‘Happy Holidays’ is not the problem

How to keep Christ in Christmas? Act like Christians, one minister suggests

DOVER — When I was about 8 years old, my mother explained holiday greetings to me. It was simple.

If someone is Christian, say “Merry Christmas.”

If someone is Jewish, “Happy Hanukkah” is appropriate.

And if you don't know, “Happy Holidays” or “Happy New Year” always work.

For my mom, it wasn't about political correctness or hatred of Christmas. Far from it.

It was about being polite, having good manners, and respecting the fact that our religious beliefs were not shared by everyone. It made sense to me at age 8, and it makes sense to me now as an ordained Christian minister whose favorite time of year is Christmas.

But every year, I hear about some Christians who interpret the “Happy Holidays” greeting given to them at stores to mean that there is a full-on, multi-front war against their faith.

I find it ironic that the person ringing up a big-screen TV on Black Friday somehow is thought to have some power to destroy Christmas.

But even so, some Christians are absolutely livid about the fact that we no longer keep Christ in Christmas, and that (in their perception anyway) we no longer keep Christmas at center stage this time of year.

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What they fail to understand is that culture didn't remove Christ from Christmas. We Christians did.

We accepted the transformation of Advent, the period from late November until Dec. 24, from a time of holy watching and waiting to one of hyper-consumerism and cultural observances - so much so that when we go to a big box store and don't hear “Merry Christmas” we see it as an attack on our faith instead of the rightful separation of the commercial from the spiritual.

But there are still those who believe Christmas is under attack. I think they're right.

But I don't think stores who have “holiday sales” are the attackers. I don't think it's towns that remove Nativity scenes from parks. I don't believe it's public schools that insist that Jewish and Muslim and Buddhist kids not be asked to sing songs affirming a faith different from their own.

I believe the greatest attack on Christmas has come from within.

It has come from those of us who claim our greatest hope comes from the fact that God became a person of goodness, kindness, justice, and love - and who then act nothing like that person did.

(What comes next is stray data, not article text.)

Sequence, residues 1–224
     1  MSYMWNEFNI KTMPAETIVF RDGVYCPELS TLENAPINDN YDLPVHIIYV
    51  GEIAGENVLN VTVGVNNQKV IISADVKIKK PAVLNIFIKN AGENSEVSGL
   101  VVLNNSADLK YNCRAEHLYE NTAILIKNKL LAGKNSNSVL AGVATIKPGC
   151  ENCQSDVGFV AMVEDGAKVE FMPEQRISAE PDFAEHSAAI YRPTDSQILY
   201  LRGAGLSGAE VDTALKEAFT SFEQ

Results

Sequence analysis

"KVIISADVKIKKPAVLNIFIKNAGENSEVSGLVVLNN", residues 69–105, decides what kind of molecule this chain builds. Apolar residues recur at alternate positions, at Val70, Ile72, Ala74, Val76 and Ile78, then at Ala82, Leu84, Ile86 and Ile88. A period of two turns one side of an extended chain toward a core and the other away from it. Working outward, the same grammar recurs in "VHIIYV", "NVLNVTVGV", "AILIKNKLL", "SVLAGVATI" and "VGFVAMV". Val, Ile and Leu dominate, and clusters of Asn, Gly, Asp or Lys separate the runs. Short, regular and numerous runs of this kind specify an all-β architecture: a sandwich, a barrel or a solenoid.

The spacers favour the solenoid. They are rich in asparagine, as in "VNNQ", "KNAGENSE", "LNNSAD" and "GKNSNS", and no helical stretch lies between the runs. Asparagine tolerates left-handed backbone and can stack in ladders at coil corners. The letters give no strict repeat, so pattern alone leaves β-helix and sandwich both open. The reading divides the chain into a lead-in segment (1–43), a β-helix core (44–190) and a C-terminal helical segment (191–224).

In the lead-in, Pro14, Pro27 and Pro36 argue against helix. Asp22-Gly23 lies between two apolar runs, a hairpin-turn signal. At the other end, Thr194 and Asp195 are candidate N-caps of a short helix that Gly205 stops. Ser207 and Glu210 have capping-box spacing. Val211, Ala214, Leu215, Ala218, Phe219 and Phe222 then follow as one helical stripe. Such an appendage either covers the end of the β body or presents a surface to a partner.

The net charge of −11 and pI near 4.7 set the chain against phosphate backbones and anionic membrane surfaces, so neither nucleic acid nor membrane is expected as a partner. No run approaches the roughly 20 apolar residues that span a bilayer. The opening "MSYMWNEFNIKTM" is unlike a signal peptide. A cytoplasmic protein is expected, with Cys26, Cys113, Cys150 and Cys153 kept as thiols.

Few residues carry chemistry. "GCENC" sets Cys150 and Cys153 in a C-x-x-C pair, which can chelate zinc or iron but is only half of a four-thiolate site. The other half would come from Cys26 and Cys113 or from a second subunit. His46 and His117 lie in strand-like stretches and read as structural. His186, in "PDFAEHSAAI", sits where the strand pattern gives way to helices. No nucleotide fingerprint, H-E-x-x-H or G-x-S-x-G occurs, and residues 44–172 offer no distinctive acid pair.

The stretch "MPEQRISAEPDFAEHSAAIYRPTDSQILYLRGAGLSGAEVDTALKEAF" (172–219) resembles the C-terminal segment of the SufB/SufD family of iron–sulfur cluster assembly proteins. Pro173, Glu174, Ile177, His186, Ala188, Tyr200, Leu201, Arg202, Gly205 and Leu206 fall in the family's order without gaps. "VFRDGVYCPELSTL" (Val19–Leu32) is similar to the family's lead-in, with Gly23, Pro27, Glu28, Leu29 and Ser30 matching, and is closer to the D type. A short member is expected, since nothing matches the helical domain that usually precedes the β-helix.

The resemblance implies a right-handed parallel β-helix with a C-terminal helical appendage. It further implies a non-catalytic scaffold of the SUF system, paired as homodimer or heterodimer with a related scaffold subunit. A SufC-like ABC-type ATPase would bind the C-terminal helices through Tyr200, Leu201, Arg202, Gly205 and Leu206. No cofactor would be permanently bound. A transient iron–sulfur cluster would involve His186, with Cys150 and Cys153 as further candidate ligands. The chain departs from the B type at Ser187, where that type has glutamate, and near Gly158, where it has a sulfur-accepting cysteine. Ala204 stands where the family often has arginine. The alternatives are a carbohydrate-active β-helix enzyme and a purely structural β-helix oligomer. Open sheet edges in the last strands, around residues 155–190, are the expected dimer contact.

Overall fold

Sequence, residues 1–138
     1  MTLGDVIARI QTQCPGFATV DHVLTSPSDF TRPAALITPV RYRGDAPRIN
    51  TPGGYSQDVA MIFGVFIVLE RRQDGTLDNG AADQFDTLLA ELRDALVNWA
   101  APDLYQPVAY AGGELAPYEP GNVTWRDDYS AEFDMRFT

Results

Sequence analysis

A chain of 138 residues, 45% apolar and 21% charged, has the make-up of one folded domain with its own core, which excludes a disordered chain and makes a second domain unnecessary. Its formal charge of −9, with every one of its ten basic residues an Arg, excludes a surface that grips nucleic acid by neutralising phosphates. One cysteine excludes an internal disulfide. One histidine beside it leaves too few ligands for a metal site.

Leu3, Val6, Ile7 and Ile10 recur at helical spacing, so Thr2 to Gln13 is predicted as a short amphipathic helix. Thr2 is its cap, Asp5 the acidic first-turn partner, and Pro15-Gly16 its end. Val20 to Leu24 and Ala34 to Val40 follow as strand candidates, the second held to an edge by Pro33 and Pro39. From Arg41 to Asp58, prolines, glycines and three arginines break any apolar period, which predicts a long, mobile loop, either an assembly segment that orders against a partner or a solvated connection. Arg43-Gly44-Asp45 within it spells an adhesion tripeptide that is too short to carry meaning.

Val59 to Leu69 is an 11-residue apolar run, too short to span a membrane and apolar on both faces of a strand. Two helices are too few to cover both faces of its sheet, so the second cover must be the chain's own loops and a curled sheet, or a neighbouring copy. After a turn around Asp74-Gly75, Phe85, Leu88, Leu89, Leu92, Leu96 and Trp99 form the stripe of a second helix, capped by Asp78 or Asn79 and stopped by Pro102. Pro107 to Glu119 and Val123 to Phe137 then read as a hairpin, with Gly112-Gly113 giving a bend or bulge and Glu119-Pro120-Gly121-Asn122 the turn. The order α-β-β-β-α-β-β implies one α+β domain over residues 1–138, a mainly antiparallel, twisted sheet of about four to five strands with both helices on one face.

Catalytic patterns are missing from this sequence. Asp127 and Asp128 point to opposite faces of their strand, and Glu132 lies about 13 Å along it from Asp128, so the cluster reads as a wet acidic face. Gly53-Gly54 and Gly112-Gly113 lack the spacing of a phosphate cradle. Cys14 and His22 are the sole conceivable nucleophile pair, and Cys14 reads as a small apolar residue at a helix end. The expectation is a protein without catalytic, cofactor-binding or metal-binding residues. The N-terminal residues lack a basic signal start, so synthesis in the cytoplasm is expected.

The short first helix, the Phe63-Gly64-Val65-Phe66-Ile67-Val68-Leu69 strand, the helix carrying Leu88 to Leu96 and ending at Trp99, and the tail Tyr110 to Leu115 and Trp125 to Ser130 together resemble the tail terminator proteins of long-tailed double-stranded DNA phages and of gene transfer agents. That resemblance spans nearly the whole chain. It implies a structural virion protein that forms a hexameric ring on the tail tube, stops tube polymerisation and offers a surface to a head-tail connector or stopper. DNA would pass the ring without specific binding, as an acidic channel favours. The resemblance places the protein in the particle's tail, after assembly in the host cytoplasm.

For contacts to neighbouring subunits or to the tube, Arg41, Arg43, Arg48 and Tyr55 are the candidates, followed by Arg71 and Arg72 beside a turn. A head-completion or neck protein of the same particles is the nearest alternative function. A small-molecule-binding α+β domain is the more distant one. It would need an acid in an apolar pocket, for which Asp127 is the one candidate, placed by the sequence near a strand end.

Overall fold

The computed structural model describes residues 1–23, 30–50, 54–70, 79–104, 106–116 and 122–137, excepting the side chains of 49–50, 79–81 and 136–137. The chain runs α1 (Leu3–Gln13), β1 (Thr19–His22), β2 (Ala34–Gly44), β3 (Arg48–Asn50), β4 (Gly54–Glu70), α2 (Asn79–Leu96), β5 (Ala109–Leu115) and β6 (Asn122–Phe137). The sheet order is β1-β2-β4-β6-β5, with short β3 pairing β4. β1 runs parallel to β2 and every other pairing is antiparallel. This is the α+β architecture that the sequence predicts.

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And so, here is my suggestion to Christians about how to keep Christ in Christmas.

This season, worry less about the holiday policies of non-religious institutions, and worry more about whether we are actually listening to, and then doing, what Christ told us to do.

In short, keep Christ in Christmas by acting like Christians.

I've always found the Beatitudes a good place to start. When Jesus called his followers up to a hill and preached to them, he told them who the “blessed” were, the ones whom God has looked with favor upon and to whom he will grant joy.

The ones Christ calls blessed are often the same ones we as a culture are the quickest to condemn or criticize. We blame them for their own situation, and we refuse to help them.

We somehow forget that when God became a man who preached a sermon about who was most blessed by God, these are the ones who were named: the poor, the hungry, the oppressed, the peacemakers, the merciful, the mourners, the pure in heart, the gentle.

If Christmas is about the incarnation of God, and this is what God incarnate saw fit to tell us, then this is the ultimate Christmas message.

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But over the last year, how many examples have there been of Christians who couldn't care less who God has called “blessed”?

How many times has a Christian told a hungry man to get a job? How many times has one told a poor woman that she just needs to work harder?

How many times has a Christian ridiculed the gentle or the merciful? Called the ethical naive? Mocked the peacemaker or the one who calls for justice?

How many times have we told God by our actions that we couldn't care less what Christmas means?

Because if we don't take seriously the words of the man that that baby born on Christmas came to be, we have no idea what it means to keep Christ in Christmas.

It's not the “Holiday Tree” out in a public park that makes me think Christ has been forgotten. It's the ability we Christians have this time of year to confess our faith in one breath, and then be breathtakingly small-minded or just plain mean in the next.

It doesn't have to be that way.

On Dec. 26, the red-faced commentators will turn to a new target, the stores will slash their prices, and the carols will end. The cries that there is a “war on Christmas” will be packed up with the ornaments.

But the teachings of Christ won't be. They'll be here all year.

Next year, I'd love to hear the rhetoric around a “war on Christmas” change its focus from intolerance for other beliefs, to concern about how we Christians have lived by those teachings in the last year.

Did we follow the Prince of Peace? Or did we wage a war that has nothing to do with what he taught us?

Next December, I'd like us to realize that keeping Christ in Christmas has nothing to do with what others choose to do, and everything to do with who we choose to be.

If we can change that focus, then what the cashier says at the checkout won't threaten our Christmas joy one bit.

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